Astros & Red Sox




Astros & Red Sox

December 26, 2022


Name Age Level P1 P2 Availablility Years AFV Salary Surplus Low Median High
Arroyo 27 Majors 3B 2B Medium 2 1.6 2.2 -0.6 -0.8 -0.6 -0.5
Encarnacion Minors RHP 1.1 0.8 1.1 1.4
Seabold Minors RHP 2.9 2.3 2.9 3.5

Red Sox

Name Age Level P1 P2 Availablility Years AFV Salary Surplus Low Median High
Clifford Minors OF 3.4 2.7 3.4 4.1
Dubon 27 Majors 2B SS High 4 1.4 1.5 0 0 0 0
  1. Bill Wellman

    The Red Sox need a guy who can really play SS. Dubon isn’t above replacement level, but he can play SS and he has one of the best arms in MLB at that position. He’d be a spot starter and, much more often, a late-inning defensive replacement. He’s also a good CF/RF guy, but his bat is more disappointing at those positions.

    The Red Sox would also get Clifford, the Astros eighth-best prospect, who projects to become a decent right fielder. Boston needs that, and the Astros have four better OF prospects–Clifford is superfluous.

    The Astros would get Arroyo, taking Dubon’s role. Arroyo is a better batter and second baseman. Also, Connor Seabold is MLB-ready with one option year remaining. He’d be the up-and-down guy living at AAA and showing up for spot starts. He’d have a future as a long reliever or 4/5 starter.

    For the future, the Astros would also get Encarnacion, who looks to be headed to a role as an organizational player for a contender or a back-end starter for a rebuilding MLB team.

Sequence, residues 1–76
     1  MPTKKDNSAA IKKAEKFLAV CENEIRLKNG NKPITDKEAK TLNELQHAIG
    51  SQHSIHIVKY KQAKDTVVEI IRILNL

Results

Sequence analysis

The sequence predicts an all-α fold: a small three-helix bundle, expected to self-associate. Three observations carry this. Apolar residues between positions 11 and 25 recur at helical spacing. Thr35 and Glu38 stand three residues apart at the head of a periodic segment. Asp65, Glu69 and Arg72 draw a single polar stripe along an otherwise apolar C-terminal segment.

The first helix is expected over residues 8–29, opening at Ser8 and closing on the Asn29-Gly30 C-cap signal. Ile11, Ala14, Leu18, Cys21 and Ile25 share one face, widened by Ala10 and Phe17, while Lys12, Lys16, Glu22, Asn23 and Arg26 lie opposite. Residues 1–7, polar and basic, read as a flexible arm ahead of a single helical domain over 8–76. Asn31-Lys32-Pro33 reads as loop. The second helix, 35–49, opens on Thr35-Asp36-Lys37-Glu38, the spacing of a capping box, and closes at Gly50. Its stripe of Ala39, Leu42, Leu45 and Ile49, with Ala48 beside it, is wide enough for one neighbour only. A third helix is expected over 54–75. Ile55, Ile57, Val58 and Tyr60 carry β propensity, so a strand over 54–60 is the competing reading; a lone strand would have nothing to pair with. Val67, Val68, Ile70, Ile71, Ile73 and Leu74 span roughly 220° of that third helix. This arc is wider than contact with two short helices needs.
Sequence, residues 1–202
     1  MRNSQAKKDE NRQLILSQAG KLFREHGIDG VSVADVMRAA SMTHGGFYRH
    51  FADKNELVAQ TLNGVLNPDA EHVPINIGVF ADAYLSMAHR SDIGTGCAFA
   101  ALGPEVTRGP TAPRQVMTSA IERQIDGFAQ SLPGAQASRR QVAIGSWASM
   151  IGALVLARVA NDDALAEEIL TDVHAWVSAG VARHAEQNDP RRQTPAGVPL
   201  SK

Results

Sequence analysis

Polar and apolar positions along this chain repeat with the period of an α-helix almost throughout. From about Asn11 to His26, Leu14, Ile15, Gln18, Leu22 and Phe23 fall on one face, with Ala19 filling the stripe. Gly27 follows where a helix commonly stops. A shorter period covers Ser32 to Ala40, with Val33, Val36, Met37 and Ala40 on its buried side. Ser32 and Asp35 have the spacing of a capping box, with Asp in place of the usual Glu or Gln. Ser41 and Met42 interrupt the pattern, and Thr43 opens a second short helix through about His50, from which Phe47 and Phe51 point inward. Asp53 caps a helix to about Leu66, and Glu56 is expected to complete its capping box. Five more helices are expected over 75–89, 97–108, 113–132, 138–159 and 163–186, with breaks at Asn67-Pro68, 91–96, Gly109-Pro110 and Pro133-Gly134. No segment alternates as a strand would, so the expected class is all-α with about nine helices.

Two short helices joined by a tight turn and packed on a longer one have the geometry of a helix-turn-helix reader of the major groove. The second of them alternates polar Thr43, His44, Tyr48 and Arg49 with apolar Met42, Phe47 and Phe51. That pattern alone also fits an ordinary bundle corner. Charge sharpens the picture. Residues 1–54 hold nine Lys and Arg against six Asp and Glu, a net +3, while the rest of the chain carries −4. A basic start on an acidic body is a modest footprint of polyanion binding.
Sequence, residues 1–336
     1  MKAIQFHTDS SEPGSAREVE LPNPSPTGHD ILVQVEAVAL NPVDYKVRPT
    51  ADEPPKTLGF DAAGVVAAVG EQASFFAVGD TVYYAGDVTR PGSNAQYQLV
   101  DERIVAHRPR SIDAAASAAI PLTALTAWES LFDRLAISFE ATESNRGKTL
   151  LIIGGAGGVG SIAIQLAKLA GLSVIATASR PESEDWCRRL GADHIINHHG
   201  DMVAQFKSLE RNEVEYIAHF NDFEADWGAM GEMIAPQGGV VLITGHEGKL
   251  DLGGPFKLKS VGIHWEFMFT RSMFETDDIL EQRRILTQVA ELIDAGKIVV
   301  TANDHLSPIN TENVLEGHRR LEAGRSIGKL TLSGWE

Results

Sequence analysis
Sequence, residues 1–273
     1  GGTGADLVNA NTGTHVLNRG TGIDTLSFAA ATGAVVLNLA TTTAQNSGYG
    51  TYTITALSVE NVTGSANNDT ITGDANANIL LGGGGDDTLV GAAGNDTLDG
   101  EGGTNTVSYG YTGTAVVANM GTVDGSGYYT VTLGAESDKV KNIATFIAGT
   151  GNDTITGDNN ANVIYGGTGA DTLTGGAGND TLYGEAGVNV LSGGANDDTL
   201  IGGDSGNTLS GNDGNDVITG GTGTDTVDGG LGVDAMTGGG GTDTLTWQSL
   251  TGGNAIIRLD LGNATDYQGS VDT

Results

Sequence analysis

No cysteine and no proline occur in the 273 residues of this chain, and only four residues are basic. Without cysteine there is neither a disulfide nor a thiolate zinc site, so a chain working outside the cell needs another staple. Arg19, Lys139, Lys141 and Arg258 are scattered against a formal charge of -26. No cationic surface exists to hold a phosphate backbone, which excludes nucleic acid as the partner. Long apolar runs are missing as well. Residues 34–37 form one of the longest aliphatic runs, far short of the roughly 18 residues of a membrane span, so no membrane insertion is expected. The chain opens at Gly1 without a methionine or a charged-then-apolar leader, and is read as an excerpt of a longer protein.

2. Bill Wellman

    As this trade drops to 21st on the Red Sox board, a few thoughts.

    In a small sample, the results are two-to-one against the trade. That’s pretty common for hypothetical trades. But the absence of interest suggests folks here would rather speculate what team would be charitable enough to take Boston’s number one starter and walk year future HoF candidate…and that makes sense. This is a bit-piece trade proposal.

    But it solves four separate issues:

    1) It gives the Red Sox a SS option with an arm WAY better than Trevor Story’s;

    2) It gives the Astros a better-hitting utility infielder who’s better defensively except at SS;

    3) It gives the Red Sox a natural RF prospect, something they lack; and

    4) It gives the Astros 100 more MLB-quality IP each year, necessary to protect their great starting rotation.

    This trade isn’t as fun as trading stars, but I see it as helping both teams.

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